The Plantagenets: The Warrior Kings and Queens Who Made England

Dan Jones. Viking, $36 (560p) ISBN 978-0-670-02665-4
Although less famous than their Tudor cousins, the “unnaturally cruel” and powerful Plantagenets were the longest-reigning English royal dynasty, ruling for more than two centuries, from Henry II’s ascendance in 1154 after a violent civil war to Richard II’s deposition at the hands of his cousin Henry Bolingbroke in 1399. The great-grandson of William the Conqueror, Henry II—cunning, dynamic, and “a great legalist”—ruled over England and great swaths of France, but was labeled a “pariah” for his involvement in Archbishop Thomas Becket’s murder and was betrayed by his redoubtable wife, Eleanor of Aquitaine, and their sons. One of the dynasty’s worst kings was Henry II’s youngest son, John—“weak, indecisive, and mean-spirited”—who killed his nephew, a hapless prisoner, with his own hands in a drunken rage, lost Normandy to France, and was forced to guarantee his barons’ rights through the Magna Carta. By contrast, John’s great-great-grandson, Edward III, considered the greatest Plantagenet, was a new Arthur who “bonded England’s aristocracy together in the common purpose of war,” revived the knight’s code of chivalry, and ushered in English as the accepted language. Blood-soaked medieval England springs to vivid life in Jones’s (Summer of Blood) highly readable, authoritative, and assertive history—already a #1 bestseller in the U.K. 6 maps. Agent: Georgina Capel, Capel & Land (U.K.). (Apr. 22)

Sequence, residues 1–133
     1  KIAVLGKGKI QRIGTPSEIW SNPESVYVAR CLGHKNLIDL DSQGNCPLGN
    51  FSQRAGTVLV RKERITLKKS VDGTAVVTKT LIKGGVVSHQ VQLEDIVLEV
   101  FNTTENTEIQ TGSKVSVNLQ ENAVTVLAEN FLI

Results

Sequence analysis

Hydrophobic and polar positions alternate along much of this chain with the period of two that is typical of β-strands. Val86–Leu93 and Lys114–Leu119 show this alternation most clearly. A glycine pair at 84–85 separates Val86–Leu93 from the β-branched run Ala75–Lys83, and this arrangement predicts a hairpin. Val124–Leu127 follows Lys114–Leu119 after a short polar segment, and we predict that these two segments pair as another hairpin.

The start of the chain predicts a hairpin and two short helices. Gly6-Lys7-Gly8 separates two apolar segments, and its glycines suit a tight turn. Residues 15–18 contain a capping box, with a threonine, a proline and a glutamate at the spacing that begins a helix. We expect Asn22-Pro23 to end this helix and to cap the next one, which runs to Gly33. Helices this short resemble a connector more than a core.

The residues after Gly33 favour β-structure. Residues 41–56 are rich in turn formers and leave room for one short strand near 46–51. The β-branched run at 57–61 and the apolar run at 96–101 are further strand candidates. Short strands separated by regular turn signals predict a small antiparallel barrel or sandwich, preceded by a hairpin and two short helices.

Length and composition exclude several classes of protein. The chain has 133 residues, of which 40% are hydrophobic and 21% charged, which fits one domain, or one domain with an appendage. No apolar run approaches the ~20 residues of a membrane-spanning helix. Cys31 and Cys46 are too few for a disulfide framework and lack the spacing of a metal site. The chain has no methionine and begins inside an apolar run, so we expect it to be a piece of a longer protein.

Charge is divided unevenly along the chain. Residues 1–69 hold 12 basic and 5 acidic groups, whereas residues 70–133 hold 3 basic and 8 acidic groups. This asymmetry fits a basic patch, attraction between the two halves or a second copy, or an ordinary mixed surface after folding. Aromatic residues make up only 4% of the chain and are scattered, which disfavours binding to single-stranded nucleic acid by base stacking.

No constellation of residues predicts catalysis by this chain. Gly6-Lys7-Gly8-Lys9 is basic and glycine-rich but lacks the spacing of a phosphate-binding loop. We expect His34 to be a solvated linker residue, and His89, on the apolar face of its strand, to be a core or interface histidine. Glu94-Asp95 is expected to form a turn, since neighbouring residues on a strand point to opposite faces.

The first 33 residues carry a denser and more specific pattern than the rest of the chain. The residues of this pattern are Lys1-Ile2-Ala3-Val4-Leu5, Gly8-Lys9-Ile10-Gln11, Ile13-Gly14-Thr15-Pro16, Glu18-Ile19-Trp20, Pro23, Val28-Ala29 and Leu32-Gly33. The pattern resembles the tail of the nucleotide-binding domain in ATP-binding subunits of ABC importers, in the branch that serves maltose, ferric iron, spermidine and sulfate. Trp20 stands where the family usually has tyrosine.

Reviewed on: 02/18/2013
Release date: 04/18/2013
Genre: Nonfiction
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